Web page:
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Thrifting, a solution to fast fashion pollution

December 17, 2021

As climate change worsens, awareness about ethical consumption has increased. Consumers are now becoming more conscious of how their purchases impact the environment. However, most people have no idea that the clothing they purchase causes a great deal of pollution. Yes, there are more severe factors that attribute to climate change like burning coal or fossil fuels. Following the oil industry, the fashion industry is the second largest contributor to pollution in the world.

The greatest cause of climate change is the increasing amount of greenhouse gas emissions inside the atmosphere. These gases blanket the Earth and trap the sun’s heat inside, making the global temperature rise. CO2 is the primary greenhouse gas emitted into the environment. According to the United States Environmental Protection agency, in 2019, CO2 made up 80 percent of all U.S. greenhouse gas emissions from human activities. The fast fashion industry is one of these human activities and accounts for 10 percent of the global gas emissions contributing to climate change. When clothing from fast fashion companies is made, huge amounts of CO2 are emitted, negatively impacting the environment.

While producing clothing, fast fashion companies guzzle clean water. In one year, the fashion industry uses 1.5 trillion liters of water, according to Cotton, which is commonly used in fabrics, takes a lot of water to grow, therefore increasing the water consumption of companies. Large amounts of water are also used in the dyeing and finishing processes for clothing. Considering that clean water is not accessible for over 750 million people, why is the fashion industry allowed to use and pollute so much of the world’s limited clean water supply?

Fast fashion companies use synthetic, non-biodegradable fabrics that also pollute water. When synthetic clothing is washed, microfibers and clothing dyes end up in wastewater, eventually reaching the ocean. In one year, 500,000 tons of microfibers are released into the ocean, which is equivalent to 50 billion plastic water bottles. Unfortunately, aquatic animals ingest the microfibers in the water. According to the Surfrider Foundation, many types of fish that humans consume have been found to have plastic in their systems. Therefore, humans are also ingesting the same plastics.

And, to make matters worse, fast fashion companies strongly encourage a “throw-away” mindset to gain profit. Low prices and constant new product launches make consumers believe that clothing is inherently disposable. This promoted mindset is at fault for the surplus of textile waste, and why 84 percent of clothing litters landfills and incinerators.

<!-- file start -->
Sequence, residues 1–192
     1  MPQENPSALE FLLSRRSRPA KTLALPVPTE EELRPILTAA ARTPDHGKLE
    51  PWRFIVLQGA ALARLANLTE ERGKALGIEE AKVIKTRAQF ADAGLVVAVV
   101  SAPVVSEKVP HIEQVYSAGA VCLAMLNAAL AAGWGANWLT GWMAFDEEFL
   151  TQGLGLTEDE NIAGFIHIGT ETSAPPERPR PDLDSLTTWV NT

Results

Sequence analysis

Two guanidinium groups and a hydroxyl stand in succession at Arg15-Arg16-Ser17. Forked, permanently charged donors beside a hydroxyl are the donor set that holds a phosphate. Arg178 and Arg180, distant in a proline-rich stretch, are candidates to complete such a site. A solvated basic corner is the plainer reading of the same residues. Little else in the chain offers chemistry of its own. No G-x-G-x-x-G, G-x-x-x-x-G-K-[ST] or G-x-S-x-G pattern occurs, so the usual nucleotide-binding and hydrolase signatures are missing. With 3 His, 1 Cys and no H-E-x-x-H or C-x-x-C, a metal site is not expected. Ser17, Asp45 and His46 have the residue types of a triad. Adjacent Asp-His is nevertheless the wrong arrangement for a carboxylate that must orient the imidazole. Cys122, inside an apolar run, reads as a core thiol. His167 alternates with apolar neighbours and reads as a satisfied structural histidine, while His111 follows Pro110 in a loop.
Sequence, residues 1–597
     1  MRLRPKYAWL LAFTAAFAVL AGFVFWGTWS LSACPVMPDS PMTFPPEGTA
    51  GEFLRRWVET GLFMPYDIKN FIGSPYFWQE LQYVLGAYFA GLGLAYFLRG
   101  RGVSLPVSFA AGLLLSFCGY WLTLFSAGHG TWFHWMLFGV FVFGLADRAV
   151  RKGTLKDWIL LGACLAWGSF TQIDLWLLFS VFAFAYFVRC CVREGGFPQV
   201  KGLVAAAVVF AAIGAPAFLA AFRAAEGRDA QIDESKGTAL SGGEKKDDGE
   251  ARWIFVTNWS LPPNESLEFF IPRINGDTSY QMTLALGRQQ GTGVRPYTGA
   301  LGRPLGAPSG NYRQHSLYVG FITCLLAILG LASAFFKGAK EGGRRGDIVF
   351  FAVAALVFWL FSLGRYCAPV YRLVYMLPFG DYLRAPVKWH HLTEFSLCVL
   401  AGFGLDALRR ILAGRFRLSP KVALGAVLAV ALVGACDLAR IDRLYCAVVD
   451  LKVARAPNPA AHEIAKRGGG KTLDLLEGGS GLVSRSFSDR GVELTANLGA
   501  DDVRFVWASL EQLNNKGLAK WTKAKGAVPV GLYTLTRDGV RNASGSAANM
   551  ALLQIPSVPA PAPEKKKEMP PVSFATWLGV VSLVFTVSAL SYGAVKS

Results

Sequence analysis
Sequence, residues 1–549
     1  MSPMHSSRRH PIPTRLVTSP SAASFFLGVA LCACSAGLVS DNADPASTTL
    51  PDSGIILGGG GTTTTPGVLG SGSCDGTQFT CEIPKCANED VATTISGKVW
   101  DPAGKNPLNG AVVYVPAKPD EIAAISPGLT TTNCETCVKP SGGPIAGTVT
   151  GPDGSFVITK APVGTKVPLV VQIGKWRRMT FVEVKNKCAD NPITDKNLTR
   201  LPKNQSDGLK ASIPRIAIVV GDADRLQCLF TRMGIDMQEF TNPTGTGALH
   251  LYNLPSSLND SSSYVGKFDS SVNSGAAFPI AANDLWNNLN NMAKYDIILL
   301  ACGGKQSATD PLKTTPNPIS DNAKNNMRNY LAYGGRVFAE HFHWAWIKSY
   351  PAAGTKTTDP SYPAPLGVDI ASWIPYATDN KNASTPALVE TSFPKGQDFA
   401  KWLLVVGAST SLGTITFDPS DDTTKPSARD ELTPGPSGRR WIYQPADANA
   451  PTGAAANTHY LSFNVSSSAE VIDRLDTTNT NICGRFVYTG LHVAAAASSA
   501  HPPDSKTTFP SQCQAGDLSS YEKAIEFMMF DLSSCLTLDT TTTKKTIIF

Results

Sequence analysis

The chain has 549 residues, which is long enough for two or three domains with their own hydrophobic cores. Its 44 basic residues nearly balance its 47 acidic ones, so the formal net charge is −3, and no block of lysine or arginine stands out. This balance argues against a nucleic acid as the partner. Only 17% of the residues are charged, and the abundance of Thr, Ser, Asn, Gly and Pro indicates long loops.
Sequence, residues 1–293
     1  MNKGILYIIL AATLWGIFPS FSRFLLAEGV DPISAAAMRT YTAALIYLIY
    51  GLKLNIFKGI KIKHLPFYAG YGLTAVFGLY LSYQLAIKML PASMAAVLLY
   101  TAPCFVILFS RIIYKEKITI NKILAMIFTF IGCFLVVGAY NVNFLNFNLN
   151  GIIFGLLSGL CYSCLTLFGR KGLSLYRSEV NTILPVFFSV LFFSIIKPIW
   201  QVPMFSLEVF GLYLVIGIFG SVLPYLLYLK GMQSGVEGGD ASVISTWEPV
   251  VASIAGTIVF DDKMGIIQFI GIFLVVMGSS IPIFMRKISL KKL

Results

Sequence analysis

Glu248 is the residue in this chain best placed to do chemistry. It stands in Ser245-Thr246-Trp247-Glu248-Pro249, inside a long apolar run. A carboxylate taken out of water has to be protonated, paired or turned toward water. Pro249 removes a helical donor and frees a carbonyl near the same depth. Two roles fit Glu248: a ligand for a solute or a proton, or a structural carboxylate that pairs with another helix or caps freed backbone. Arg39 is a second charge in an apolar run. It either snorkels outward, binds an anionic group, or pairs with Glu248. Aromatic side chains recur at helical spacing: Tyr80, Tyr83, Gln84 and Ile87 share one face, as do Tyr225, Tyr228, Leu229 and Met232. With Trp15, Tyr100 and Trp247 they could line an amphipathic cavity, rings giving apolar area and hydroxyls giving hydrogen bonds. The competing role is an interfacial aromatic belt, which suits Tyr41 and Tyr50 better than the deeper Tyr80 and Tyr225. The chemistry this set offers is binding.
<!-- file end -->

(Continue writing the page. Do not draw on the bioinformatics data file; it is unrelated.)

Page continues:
What can we do?

One way that we can combat the growing problem of fast fashion is by shopping ethically. This year especially, as awareness about the climate crisis increases, many are looking for more sustainable options for clothing. Thrifting has gained popularity for many reasons, one being that it is much more sustainable and environmentally conscious.

Second-hand buying recycles clothing that would have otherwise ended up in incinerators. Thrifting gives clothing another chance and decreases the consumers’ carbon footprint, making thrifting eco-friendly. Since it is hard to recycle already made clothing, thrifting or second-hand buying is the easiest way to shop sustainably.

Not only is thrifting an eco-friendly alternative to fast fashion, but it is also fashionable. The negative connotation that used to be associated with going to thrift stores is no longer. Today, thrift shopping has become a fashion trend. Clothing that was popular many years ago has resurfaced years later and is now re-worn by younger generations. For example, platform shoes worn on runways during the 2000s are now making a comeback twenty years later. 2000s shows and movies like Gilmore Girls and Twilight are regaining popularity and have influenced fashion trends immensely. The reemergence of the early 2000s fashion has made thrift stores a popular destination for clothing.

Along with thrifting being environmentally friendly, it is also cheaper than most fast fashion companies’ prices. Thrifting offers consumers a low price for a one-of-a-kind clothing piece. Now, secondhand shopping is also offered online, making sustainable shopping even more accessible. Online sites like Depop and Poshmark are becoming popular for people to sell and buy used clothing. More sustainable clothing companies are starting to emerge, and larger companies are changing their policies to do their part to aid the climate crisis.

Central’s students are already making sustainable fashion choices. Thrifting has become a fun, inexpensive activity to search for one-of-a-kind pieces that others surely won’t have. Thrifted clothing is worn every day at Central and even at Homecoming.                                                                        “I went to Thrift World hoping to find an affordable, used dress for Homecoming. I walked out with a beautiful $7 blue dress that I could wear…Especially for homecoming, where you normally only wear the dress once, a used one is perfect,” says sophomore Lucy Leighter.                                                          “I usually thrift at nearby Goodwills or local thrift stores like Tip Top Thrift Shop in Benson. Some of my favorite items I’ve found have been corduroy pants, sweaters and sweater vests,” shares sophomore Brooklynne Castello.

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